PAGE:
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The E-Sports Spectator Movement; BarCraft Brings StarCraft to a Local San Diego Bar

  • Randy Jones All American Grill
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Whether you're aware of it or not, professional video game tournament play is a wildly popular and heavily-participated sport around the world. By far and wide, the popularity girth of electronic sports (or e-sports) resides outside of the United States, where countries like Korea and Singapore have 24/7 gaming cafes. San Diego has a few; the Vortex in Chula Vista and GameRave in Sports Arena, 

Back in the 'states, we've seen a fair share of amateur and professional leagues and tournaments crop up over the years. From its early era of traditional arcade and 8-bit console championships (Nintendo PowerFest '94 was held in San Diego!) the combination of easy-access, increasingly cheap technology, plus lucrative prizes, has fueled growth in the e-sports community. Professional gaming slowly encroached into the spotlight in the late 90's, and as American leagues around popular multiplayer titles such as Counter-Strike grew, so did the pots. At the 2005 Cyberathlete Professional League finals in New York City, Johnathan "Fatal1ty" Wendel took home $150k during the Painkiller finals, a far cry from the first video game tournament Fatal1ty placed in, receiving a measly $4k for third place at the 1999 Quake series in Dallas, TX. [article about new professional-targeted version of Counter-Strike here]

All that being said, the spectator side of e-sports has been all but confined to community LAN's and personal home viewing in the United States. No more; movements are currently underfoot to bring popular championships for video games like StarCraft II to public sports bars, where gamers can watch and drink to their favorite players or teams as they compete on the big screens normally reserved for professional physical sports. The Blizzard Entertainment title StarCraft II, a popular Mac/PC military sci-fi title that relies on RTS (real-time strategy) game play, is making waves with the grassroots 'BarCraft' movement. BarCraft combines the word "bar" and "StarCraft" and focuses on getting bars to offer viewership of StarCraft tournaments. It was all kicked off in the Seattle-based bar, Chao Bistro, where according to this Wall Street Journal article patron and StarCraft fan Glen Bowers convinced the owner to let him configure five televisions, normally reserved for Seattle Mariners games, to display an upcoming StarCraft match. On the day of the tournament, 150 people showed up at the bar to watch, thanks in part to word spread via online sites like Reddit and gaming forums and blogs. Since then, Chao Bistro regularly offers twice-a-week showings, entertaining average gaming fans, some who are employees of locally-HQ'd software giant’s Microsoft and Amazon.com.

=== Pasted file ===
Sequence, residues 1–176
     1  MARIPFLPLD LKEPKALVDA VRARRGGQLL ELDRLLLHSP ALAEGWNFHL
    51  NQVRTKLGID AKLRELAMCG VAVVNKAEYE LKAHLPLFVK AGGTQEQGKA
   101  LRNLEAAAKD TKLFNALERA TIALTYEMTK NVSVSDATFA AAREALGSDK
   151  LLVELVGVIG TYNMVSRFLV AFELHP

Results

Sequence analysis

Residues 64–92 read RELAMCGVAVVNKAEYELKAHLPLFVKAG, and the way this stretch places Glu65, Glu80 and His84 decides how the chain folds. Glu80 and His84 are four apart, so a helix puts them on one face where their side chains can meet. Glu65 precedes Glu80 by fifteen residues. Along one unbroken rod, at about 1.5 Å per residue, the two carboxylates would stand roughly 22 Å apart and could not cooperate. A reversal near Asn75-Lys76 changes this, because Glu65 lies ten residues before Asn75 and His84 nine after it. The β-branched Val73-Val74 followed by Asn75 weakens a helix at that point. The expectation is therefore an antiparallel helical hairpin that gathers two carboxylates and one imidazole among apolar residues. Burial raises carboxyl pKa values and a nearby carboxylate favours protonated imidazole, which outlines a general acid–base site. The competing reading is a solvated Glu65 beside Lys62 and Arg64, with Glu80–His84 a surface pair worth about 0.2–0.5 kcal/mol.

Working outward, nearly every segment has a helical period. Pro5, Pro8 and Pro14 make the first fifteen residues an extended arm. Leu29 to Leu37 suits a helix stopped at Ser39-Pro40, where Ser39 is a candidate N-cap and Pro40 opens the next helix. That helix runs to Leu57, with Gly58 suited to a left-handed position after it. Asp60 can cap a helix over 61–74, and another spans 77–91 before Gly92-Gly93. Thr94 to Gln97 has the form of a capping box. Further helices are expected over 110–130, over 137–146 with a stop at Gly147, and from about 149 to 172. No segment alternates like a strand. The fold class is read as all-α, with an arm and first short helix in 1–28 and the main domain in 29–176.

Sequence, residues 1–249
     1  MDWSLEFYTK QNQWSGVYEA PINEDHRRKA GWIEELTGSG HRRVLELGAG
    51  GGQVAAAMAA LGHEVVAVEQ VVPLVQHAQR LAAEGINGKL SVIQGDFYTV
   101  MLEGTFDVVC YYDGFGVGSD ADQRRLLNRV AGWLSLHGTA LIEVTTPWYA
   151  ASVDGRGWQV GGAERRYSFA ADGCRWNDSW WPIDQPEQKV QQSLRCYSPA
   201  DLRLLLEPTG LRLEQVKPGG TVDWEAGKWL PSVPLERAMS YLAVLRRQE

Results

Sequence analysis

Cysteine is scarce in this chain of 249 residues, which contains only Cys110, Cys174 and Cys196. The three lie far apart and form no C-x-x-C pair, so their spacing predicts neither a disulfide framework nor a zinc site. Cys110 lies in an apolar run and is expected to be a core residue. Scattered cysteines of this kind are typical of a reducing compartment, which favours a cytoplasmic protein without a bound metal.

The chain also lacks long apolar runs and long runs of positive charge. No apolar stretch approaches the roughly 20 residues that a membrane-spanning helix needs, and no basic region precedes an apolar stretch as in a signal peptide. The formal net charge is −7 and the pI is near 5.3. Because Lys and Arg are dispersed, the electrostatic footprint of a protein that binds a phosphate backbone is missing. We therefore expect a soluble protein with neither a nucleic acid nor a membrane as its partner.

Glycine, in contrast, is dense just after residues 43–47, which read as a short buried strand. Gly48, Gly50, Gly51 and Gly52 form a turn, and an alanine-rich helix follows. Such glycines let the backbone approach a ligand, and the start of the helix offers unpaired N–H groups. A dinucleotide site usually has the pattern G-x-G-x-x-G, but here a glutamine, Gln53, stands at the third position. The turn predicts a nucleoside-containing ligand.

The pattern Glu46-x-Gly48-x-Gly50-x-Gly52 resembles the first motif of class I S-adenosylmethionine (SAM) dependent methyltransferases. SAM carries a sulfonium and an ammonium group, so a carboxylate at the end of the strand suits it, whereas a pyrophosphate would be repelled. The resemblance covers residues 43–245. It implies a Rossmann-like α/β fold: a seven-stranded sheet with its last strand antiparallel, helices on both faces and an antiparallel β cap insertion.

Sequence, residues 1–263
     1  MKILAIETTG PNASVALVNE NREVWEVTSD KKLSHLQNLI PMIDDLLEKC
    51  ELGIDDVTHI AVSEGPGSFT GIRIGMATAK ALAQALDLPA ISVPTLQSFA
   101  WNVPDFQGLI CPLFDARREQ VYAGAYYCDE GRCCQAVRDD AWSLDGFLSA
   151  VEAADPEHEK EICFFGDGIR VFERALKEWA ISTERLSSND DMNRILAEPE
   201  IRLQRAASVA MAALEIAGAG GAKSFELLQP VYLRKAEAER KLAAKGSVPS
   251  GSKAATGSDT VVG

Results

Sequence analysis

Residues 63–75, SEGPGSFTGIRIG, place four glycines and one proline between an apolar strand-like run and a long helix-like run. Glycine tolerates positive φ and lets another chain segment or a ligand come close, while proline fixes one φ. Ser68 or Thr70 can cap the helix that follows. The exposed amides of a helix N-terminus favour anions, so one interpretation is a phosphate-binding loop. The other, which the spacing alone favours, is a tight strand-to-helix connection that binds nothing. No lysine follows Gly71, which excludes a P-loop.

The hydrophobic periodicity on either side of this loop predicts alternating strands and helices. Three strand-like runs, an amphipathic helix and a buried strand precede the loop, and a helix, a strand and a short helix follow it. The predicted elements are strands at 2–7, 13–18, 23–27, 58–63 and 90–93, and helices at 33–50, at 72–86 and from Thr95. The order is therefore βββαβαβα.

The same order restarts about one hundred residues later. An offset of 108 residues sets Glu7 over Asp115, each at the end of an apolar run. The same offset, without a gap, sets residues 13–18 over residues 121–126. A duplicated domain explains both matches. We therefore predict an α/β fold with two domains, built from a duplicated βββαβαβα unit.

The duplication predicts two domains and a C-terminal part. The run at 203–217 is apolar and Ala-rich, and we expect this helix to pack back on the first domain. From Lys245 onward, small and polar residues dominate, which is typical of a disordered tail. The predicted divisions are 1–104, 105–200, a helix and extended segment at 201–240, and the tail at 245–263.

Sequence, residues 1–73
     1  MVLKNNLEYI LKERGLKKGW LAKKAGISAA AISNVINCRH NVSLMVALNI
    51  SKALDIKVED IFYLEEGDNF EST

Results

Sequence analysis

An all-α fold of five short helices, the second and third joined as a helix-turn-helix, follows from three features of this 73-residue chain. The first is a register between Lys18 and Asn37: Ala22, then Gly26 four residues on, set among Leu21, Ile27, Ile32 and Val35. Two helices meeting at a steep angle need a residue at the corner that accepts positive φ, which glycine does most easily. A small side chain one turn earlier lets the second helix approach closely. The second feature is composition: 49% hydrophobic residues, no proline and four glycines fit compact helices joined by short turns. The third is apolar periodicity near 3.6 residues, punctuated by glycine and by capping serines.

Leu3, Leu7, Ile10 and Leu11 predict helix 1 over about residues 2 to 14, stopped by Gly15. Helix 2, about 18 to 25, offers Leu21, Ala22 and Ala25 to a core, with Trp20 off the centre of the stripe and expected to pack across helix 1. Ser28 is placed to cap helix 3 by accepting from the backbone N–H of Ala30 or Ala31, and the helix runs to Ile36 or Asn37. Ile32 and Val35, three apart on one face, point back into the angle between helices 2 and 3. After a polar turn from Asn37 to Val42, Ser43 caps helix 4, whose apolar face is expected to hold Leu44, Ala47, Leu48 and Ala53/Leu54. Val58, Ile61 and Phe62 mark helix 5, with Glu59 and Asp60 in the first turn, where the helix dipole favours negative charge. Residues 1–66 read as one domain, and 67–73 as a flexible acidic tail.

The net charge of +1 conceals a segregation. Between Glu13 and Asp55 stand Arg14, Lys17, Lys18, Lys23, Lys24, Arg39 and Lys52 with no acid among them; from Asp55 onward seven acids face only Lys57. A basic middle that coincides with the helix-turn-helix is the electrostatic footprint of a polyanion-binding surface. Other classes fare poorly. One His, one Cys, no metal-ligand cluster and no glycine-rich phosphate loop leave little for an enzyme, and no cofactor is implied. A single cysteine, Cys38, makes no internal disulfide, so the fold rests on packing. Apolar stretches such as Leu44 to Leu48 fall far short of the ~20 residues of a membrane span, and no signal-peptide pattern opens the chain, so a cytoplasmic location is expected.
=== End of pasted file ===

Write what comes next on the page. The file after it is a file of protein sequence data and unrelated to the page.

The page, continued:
Currently, 26 bars around North America have regularly-scheduled StarCraft tournaments on their bar TV screens; you can now include the San Diego-based Randy Jones All American Sports Grill, owned by the Cy Young-winning Padres legendary pitcher, to this list. According to general manager Daymon Ast, this BarCraft event on August 28 (Sunday from 3pm-8pm) will be the first for the sports bar, adding that the host who brought the event to RJAASG is expecting around 40 attendees. Daymon has reserved the entire outside patio, which offers five televisions for dedicated StarCraft gaming. You can learn more about BarCraft at the teamliquid forum, the popular Reddit page or simply use this Google Maps page to see if there is a BarCraft event in your city. Visit the Randy Jones All American Sports Grill on their website for more details, menu & directions to the venue.